Whilst it would be of value to many cyclists, I would not like "fully separated" to be compulsory - for example in the proposed "improved" version of the Milton Road / Elizabeth Way junction I would probably go straight on along Milton Road westwards in the main carriageway rather than be held up on the segregated cycle path, and the animation fails to demonstrate such behaviour and thus might give an overestimate of motor vehicle speed and thus capacity. Cambridge Cycling Campaign has in the past been supportive of "confident cyclists" who use their right to use the main carriageway as well as those who prefer segregated facilities, and I hope they will continue to be so. As always, the right balance must be struck.
One thing I would seek to do is carry out an audit of controlled junctions which don't have advance stop boxes for cyclists, and find out why they don't, and campaign to add them where it is physically and legally possible (even if it might reduce junction capacity for motor vehicles). A relatively straightforward improvement for segregated movement for cyclists, albeit not segregated road space, might then be to add more "cyclists go first" phases to some of the traffic lights.

I'd have expected Tim to know that cycle facilities aren't compulsory. Fully separated routes give us safe space that almost all cyclists will choose to use, but your're not legally compelled to do so. A confident cyclists doesn't have to - but if that route is good enough then said confident cyclist will. I don't get that there is a 'right balance' between safe cycle facilities and, well, not safe cycle facilities. Tim here is simply wrong. And ASL? They're no use at all if you can't get to them. I'm rather afraid that Tims approach is the approach of the 1990s - and that didn't work.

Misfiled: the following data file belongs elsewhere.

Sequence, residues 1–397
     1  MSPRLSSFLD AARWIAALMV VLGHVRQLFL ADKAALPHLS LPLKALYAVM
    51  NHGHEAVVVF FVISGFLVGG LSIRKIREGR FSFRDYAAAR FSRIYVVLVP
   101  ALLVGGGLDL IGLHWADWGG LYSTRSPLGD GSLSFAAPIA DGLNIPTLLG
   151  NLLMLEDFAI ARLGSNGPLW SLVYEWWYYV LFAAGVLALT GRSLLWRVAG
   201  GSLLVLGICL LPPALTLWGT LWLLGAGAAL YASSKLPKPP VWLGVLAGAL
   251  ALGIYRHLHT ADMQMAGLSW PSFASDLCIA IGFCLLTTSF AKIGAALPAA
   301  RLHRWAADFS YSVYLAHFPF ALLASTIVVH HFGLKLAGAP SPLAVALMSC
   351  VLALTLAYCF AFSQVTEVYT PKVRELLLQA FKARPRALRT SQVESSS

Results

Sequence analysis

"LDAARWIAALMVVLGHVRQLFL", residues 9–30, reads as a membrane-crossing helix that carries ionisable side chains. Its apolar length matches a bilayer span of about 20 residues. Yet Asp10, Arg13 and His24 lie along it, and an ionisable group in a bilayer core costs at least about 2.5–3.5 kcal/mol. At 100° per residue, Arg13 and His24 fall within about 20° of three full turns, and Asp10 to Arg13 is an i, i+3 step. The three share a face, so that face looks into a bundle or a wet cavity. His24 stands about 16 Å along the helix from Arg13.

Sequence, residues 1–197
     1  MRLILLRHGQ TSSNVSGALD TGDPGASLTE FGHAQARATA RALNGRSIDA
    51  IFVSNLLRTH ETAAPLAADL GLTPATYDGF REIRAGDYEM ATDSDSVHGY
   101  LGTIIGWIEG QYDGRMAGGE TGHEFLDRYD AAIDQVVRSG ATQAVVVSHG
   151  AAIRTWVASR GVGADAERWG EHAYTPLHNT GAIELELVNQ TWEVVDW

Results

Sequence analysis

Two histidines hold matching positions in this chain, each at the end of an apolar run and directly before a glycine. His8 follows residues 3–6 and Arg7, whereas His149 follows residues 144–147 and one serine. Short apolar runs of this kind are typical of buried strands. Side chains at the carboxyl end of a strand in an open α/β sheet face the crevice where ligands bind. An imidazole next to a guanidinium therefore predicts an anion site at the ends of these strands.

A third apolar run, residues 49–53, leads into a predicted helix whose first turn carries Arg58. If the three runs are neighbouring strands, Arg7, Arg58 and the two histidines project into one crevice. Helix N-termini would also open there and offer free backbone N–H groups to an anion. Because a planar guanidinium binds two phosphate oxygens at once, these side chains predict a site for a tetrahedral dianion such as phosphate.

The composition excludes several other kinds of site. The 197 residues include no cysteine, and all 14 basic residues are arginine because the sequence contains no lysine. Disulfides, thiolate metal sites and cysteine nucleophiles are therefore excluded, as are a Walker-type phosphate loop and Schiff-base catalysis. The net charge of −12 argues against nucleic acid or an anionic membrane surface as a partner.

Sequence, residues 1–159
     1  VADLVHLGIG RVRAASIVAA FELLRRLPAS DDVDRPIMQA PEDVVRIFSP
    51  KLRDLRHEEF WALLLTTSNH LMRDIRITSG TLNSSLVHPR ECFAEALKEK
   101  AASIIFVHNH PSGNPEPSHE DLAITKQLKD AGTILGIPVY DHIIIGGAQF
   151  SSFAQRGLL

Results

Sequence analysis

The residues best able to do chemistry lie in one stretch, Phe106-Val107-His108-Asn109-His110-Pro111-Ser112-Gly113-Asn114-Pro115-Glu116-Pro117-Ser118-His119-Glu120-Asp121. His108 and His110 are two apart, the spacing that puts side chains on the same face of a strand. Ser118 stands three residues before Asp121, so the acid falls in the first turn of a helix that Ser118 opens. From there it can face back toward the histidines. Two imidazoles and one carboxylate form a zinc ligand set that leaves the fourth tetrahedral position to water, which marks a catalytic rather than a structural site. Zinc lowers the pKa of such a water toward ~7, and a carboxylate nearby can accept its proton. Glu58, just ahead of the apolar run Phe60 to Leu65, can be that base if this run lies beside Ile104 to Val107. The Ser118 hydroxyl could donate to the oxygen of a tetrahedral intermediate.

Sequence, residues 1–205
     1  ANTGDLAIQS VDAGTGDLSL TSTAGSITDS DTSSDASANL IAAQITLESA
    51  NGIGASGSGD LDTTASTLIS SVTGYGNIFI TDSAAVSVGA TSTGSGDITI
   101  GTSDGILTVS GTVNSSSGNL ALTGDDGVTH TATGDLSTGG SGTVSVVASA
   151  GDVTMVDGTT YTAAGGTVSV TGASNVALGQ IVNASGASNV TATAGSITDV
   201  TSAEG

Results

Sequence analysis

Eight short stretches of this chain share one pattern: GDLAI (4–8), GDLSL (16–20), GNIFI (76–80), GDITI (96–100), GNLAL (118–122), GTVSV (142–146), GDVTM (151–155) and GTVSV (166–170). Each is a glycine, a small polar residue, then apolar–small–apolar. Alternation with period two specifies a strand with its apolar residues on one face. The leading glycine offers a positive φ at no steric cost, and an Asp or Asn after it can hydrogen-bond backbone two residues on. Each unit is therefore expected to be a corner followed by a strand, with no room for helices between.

As for Histon road, this is a great little question...
How will you work with the GCP to improve walking and cycling proposals in their Histon Road scheme, in particular with regard to children cycling to school at the Mayfield Primary School, crossing Histon Road near Carisbrooke Road, and within the narrow section of road from Aldi south to the junction with Victoria Road?
...with Tims worst answer yet:

 The Histon Road scheme was aimed at improving bus times along Histon Road, which always struck me as being rather a big ask as, whatever was done along the road, buses would continue to get held up at the junctions at the ends. The original proposals seemed to be more aimed at car drivers than anyone else ("hey look, they've put in a bus lane, which takes all those pesky buses out of my car lane, so I'll drive more often"): they certainly didn't look good for cyclists, or trees, or owners of front gardens, or people living along the several rat-runs that would have been created. After I and others, including the Histon Road Area Residents Association, made representations a number of the worst features of the original plans have been dropped, and the plan then spent some time on the "too difficult" pile making no visible progress. However it has recently been revived and we're awaiting the next set of "final" proposals: the feeling at the moment seems to be that the plans will end up delivering a small net benefit for cyclists, albeit at vast cost.